TAIPEI (Taiwan News)--The Taiwan Centers for Disease Control (Taiwan CDC) announced one new dengue-associated death in an imported case on Monday, urging travelers visiting dengue-affected areas to take precautions against mosquito bites.
An over-30-year-old female who resided in northern Taiwan visited Vietnam at the end of August, Taiwan CDC said. In early September, she subsequently developed fever, fatigue, headache, muscle ache, joint paint and retroortbital pain, according to Taiwan CDC.
After seeking medical attention, she was hospitalized. Infection with dengue was confirmed in the case after the hospital reported her to the health authorities as a suspected case, Taiwan CDC added.
During her stay in the hospital, she continued to experience dizziness, shortness of breath and chest tightness. Despite the treatment administered, the woman unfortunately passed away during mid-September, Taiwan CDC said. The investigation revealed that the cause of death was associated with dengue infection. As of now, none of the 20 contacts has experienced any symptoms, according to Taiwan CDC.
According to the surveillance data compiled by Taiwan CDC, during September 18 - 24, 2017, four new imported dengue cases and one dengue-associated death in an imported case from Vietnam were confirmed. During the past one month, the majority of the imported cases confirmed came from Vietnam. As of September 24, 2017, a total of 229 imported cases, including two deaths, and three indigenous cases have been confirmed in Taiwan so far this year.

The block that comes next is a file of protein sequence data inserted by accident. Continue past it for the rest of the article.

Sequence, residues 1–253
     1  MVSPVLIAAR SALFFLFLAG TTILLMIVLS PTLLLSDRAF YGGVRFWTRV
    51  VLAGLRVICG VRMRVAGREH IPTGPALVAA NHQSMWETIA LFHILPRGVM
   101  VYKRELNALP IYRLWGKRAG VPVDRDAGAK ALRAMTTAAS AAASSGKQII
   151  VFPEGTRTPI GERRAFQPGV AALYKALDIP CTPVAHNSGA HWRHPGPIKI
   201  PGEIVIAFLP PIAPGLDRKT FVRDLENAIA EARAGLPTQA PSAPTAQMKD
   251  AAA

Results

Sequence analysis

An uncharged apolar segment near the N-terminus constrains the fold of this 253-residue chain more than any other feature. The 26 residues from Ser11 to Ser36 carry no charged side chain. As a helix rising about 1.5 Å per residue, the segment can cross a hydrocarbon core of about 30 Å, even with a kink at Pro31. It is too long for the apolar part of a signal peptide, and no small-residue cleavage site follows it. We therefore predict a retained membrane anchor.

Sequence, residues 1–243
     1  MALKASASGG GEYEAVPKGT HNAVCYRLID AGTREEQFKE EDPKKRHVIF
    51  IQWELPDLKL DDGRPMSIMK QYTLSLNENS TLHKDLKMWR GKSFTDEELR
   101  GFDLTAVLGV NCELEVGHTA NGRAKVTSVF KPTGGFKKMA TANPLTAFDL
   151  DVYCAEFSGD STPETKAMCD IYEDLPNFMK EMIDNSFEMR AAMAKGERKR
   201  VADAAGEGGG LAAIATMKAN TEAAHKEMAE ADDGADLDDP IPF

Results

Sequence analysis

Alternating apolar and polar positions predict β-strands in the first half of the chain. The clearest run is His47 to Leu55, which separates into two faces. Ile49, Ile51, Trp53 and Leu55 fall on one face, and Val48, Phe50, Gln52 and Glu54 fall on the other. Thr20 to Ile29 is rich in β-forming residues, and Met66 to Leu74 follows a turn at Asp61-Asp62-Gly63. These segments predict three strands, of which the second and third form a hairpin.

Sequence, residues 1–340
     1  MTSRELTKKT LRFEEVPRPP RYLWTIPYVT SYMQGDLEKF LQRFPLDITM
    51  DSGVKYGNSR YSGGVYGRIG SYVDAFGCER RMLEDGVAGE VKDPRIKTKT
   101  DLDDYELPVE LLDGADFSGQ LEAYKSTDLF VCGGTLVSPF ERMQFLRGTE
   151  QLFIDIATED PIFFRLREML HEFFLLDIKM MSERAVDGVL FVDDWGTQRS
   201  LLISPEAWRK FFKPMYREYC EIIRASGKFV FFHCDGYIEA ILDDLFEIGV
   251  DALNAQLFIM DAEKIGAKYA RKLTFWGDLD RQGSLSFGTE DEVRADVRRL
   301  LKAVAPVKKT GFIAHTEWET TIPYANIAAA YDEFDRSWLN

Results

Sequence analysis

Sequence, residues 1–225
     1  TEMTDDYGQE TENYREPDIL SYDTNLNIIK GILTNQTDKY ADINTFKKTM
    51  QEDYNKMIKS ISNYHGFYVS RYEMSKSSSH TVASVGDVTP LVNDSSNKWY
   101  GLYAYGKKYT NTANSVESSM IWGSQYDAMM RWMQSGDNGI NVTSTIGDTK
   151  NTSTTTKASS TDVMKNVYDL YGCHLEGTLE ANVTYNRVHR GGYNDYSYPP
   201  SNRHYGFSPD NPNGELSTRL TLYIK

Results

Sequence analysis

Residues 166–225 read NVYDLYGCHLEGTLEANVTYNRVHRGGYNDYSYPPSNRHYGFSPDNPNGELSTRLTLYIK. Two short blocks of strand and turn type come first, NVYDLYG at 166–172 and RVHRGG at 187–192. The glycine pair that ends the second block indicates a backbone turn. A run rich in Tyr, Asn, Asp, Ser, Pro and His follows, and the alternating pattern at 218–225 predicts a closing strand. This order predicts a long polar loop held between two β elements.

As the vector mosquito season has arrived, Taiwan CDC reminds travelers planning to visit areas affected by dengue fever such as Southeast Asian countries to take precautions against mosquito bites, including wearing light-colored clothing, long sleeves and long pants, applying officially approved mosquito repellent to exposed parts of the body, staying at accommodations installed with window screens, screen doors or air conditioners.
Taiwan CDC urged travelers who develop symptoms such as fever, headache, retroorbital pain, myalgia, arthralgia, and rash after their return to seek immediate medical attention and inform the physician of their travel activity history in order to facilitate early diagnosis, case reporting and treatment.
For more information, please visit the Taiwan CDC website at http://www.cdc.gov.tw or call the toll-free Communicable Disease Reporting and Consultation Hotline, 1922 (or 0800-001922).